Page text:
Asbestos is an umbrella term for a group of six naturally occurring minerals that together, create a known carcinogen. It is also a serious health hazard affecting countless Americans. Most Americans will undergo exposure to asbestos at some point during their lives. However, if you make your living in certain industries or work environments, your risk of prolonged exposure to asbestos, and suffering serious health complications as a result, may be far higher than that of the average American.
According to the National Cancer Institute, the dangers associated with asbestos exposure are well-documented, so much so that the U.S. Environmental Protection Agency banned all use of the substance back in 1989. While the ban has certainly reduced the nationwide risk of asbestos exposure, many workers still undergo exposure to the substance. When they do, serious health issues can arise.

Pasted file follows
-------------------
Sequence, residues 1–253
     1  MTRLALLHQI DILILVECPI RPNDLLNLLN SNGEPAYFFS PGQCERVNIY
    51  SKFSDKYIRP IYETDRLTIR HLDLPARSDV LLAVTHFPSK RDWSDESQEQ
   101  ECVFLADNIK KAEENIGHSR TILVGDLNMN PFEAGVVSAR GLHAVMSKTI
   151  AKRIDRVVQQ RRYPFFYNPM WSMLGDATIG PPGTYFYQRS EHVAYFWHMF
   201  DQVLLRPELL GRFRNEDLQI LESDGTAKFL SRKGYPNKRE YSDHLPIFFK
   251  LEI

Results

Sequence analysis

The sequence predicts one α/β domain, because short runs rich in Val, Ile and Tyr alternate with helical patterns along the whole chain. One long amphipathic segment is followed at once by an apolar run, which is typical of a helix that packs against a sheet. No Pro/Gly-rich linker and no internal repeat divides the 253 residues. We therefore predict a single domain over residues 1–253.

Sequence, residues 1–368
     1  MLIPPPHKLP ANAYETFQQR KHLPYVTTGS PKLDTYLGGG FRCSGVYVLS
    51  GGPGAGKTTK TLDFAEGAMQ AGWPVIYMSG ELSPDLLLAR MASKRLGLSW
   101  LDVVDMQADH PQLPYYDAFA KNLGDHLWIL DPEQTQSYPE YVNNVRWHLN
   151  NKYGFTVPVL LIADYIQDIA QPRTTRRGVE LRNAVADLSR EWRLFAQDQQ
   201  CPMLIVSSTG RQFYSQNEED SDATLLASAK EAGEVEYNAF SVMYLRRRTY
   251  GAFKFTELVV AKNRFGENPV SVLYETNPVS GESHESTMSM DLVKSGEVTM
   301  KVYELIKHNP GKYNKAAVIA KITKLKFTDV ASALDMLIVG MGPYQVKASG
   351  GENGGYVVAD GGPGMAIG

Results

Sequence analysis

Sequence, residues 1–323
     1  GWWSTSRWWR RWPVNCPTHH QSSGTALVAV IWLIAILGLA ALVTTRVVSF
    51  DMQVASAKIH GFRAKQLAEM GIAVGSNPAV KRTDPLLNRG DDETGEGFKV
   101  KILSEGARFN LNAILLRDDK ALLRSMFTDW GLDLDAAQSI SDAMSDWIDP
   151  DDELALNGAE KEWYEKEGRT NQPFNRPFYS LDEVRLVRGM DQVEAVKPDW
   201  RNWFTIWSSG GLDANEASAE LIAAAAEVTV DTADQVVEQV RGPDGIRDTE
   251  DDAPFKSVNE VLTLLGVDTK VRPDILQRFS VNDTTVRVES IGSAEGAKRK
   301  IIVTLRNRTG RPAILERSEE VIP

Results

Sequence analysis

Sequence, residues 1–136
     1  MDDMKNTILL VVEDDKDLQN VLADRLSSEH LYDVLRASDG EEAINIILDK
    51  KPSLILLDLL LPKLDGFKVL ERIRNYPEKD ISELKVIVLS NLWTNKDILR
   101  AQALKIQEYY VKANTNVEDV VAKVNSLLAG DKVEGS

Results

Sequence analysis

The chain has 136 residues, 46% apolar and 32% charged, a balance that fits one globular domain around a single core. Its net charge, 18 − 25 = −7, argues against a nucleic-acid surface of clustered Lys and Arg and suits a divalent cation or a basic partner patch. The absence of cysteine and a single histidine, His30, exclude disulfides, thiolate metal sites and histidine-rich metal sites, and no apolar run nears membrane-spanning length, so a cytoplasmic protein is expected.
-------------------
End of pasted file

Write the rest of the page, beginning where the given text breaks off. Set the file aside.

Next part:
Who is at risk of exposure?
Because asbestos was, at one point, common in building, mining, shipbuilding and automotive-part manufacturing, your chances of prolonged exposure to asbestos may be higher if you make your living, or if you made your living, in one of these industries. Estimates suggest that millions of American employees underwent exposure to asbestos since the 1940s and that asbestos exposure was also an issue for workers involved in cleanup efforts in New York City following Sept. 11, 2001.
What are the health risks of exposure?
Research shows a clear link between prolonged asbestos exposure and the development of certain cancers, among them mesothelioma, which is a relatively rare form of the disease that impacts the membranes lining the abdomen and chest. Evidence also suggests that a link exists between asbestos exposure and developing a number of other forms of cancer, among them stomach, colorectum and pharynx cancers. Asbestosis, which is a condition that can lead to permanent lung damage, is also a concern for those exposed to asbestos over time.
If you have reason to believe that your health may suffer because of prolonged exposure to asbestos, schedule a comprehensive physical with your physician.